Fix Your Golf or Tennis Elbow

Our trainer explains how to tell if you have golfer's or tennis elbow. and then how to recover.

Golfer's and tennis elbow, or medial and lateral epicondylitis, will affect you far beyond your performance on the green or court. This nagging and painful inflammation can affect everyday activity as you type, pick up your kids, and even brush your teeth. Despite the names, golfer's and tennis elbow are not restricted to athletes. Overuse and lack of shoulder stability can hurt anyone.

Diagnosing Golfer's Elbow
Medial epicondylitis (ME) refers to pain that generates in the medial epicondyle, the bony bump in the inside of your arm — if you hold your elbow out to the side, the pain would be on the bottom of the joint. That little bony protuberance is incredibly important to the function of your arm. The ulnar collateral ligament attaches there (which is what's replaced in Tommy John surgery), as does the muscle that turns your palm downward and flexes the forearm at the elbow, and the common flexor tendon, which attaches to many of the flexors of the forearm. Simply put, the medial epicondyle is critical to healthy functioning of the elbow and forearm.

Patients with ME often complain of pain starting at the medial epicondyle and sometimes extending down the forearm, stiffness in the elbow, weakness in the hands and wrist, and sometimes numbness and/or tingling in the ring and pinky finger due to compression of the ulnar nerve.

Diagnosing Tennis Elbow
Later epicondyliitis occurs on the opposite side of your elbow, where the muscles and tendons attach to the bony protuberance called the lateral epicondyle. Symptoms include pain on the outside of the elbow, pain gripping or squeezing with hands, and/or weakness in your grip strength.

Treatment
Think of golfer's and tennis elbows as misuse (not overuse) injuries. They stem from decreased shoulder stability and increased force through the forearm and wrist as your body compensates for instability.

Classic treatment entails rest, icing, pain relievers, stretching, and even surgery. While this may alleviate immediate symptoms, it won't address why the pain came in the first place, and how to prevent it from returning. Strengthening and increasing shoulder stability while releasing tightness in the forearm and wrist will help treat both. Here are four releases and two strength moves to achieve just that.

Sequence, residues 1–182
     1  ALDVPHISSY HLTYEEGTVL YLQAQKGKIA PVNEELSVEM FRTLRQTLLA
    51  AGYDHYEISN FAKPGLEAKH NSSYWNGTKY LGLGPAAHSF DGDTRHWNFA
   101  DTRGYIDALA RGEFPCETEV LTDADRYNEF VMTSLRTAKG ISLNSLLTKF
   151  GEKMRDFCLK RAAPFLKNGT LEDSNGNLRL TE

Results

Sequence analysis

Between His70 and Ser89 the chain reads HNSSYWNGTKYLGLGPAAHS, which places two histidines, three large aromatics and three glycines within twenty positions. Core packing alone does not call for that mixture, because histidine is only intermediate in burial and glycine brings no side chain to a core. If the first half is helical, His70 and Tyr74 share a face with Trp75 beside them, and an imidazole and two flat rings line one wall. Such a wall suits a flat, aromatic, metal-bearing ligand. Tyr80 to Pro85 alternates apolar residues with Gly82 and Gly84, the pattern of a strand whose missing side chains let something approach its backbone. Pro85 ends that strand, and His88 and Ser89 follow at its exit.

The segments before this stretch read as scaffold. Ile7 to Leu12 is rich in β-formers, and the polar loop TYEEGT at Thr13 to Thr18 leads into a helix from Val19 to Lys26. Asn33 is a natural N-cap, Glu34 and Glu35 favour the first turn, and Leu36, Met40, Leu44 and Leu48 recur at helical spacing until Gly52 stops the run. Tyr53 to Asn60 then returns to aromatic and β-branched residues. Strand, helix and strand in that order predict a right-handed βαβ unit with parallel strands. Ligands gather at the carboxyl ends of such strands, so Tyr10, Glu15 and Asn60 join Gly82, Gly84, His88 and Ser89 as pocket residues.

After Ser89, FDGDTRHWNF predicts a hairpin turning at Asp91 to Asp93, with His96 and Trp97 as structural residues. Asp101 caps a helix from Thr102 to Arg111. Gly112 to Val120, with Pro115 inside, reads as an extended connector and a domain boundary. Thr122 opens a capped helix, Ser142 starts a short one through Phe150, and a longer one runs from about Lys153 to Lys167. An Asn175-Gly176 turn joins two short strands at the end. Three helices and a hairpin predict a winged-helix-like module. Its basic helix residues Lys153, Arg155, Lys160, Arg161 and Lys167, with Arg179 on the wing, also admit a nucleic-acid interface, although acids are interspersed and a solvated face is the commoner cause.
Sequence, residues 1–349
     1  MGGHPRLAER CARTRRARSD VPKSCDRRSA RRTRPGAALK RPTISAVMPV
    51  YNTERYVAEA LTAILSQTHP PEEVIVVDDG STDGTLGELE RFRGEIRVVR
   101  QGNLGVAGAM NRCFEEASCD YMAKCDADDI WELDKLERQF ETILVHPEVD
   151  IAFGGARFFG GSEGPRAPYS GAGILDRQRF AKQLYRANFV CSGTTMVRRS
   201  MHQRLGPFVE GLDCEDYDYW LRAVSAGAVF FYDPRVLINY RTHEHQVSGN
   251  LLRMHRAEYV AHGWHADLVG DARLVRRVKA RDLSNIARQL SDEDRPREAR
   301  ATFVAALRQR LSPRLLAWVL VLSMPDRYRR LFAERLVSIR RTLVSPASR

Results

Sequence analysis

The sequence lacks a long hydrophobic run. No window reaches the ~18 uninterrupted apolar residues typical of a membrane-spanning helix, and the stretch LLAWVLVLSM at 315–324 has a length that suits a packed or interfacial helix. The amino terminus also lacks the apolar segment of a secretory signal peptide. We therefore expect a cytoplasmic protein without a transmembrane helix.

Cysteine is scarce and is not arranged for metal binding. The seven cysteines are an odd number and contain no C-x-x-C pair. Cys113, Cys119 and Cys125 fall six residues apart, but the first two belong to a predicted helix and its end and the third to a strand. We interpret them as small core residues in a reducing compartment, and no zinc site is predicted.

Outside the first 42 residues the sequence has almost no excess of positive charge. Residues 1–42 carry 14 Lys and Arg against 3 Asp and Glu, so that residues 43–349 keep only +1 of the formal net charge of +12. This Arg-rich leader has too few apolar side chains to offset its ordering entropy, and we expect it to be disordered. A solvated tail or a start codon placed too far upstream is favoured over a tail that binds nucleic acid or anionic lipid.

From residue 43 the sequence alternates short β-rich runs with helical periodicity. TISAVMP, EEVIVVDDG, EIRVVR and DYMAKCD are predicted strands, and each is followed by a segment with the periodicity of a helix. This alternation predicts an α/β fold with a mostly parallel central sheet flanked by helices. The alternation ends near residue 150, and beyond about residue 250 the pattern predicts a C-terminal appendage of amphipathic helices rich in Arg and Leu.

Tricep Release

  • Lying on your side, place a foam roller or lacrosse ball under your tricep at tender and tight locations.
  • Extend and retract the forearm, bending at the elbow.
  • Perform 10–15 repetitions on each tender and tight spot. 

Bicep Release

  • Place a lacrosse ball just above your elbow crease.
  • If you don't have a lacrosse ball, you can use your opposite hand to apply pressure to your biceps.
  • Flex and extend your elbow back and forth until you feel discomfort in that area decrease.
  • Move the ball along multiple sore spots up the arm.

Forearm Extensor Release

  • Find the muscles below your elbow by extending your wrist backward and feeling for the muscles contracting.
  • Motion 1: Flex and extend wrist while maintaining a comfortable pressure, rotate your forearm in and out in a twisting motion. Repeat as necessary along the length of this muscle group until muscles feel adequately released. 
  • Motion 2: While maintaining a comfortable pressure, actively extend and flex your wrist up and down through full range of motion. Repeat as necessary along the length of this muscle group until muscles feel adequately released. 

Forearm Flexor Release

  • Place one to two fingers or your thumb on the muscle mass located on the inside part of your elbow. To help you find it, flex your wrist forward and feel for the muscles contracting.
  • Motion 1: While maintaining a comfortable pressure, rotate your forearm in and out in a twisting motion. Repeat as necessary along the length of this muscle group until muscles feel adequately released. 
  • Motion 2: While maintaining a comfortable pressure, actively extend and flex your wrist up and down through full range of motion. Repeat as necessary along the length of this muscle group until muscles feel adequately released. 

Downward Dog Push Up

  • In a push-up position, lift your hips toward the ceiling, forming an upside down V shape. Be sure the back and both legs are straight, with the heels as close to the floor as possible.
  • Both hands should be splayed and facing outward. With both arms straight push into the ground to activate the lats, keeping the shoulders down and back.
  • In this position bend at the elbows, lowering your head to the ground, then push back to starting position.

Kneeling Angels  

  • Exercise can be performed using resistance bands or a cable machine.
  • Kneel on a pad under a cable machine or with a resistance band anchored overhead. Keep your chest upright, shoulders down and back, abs engaged. Keep feet hip width apart and behind you.
  • Start with arms raised and elbows at a 90-degree angle, in a goal post position.
  • Draw your elbows down and in to your sides while squeezing your shoulder blades together.
  • Raise your arms to the starting position.

See more moves to boost your shoulder stability and strength.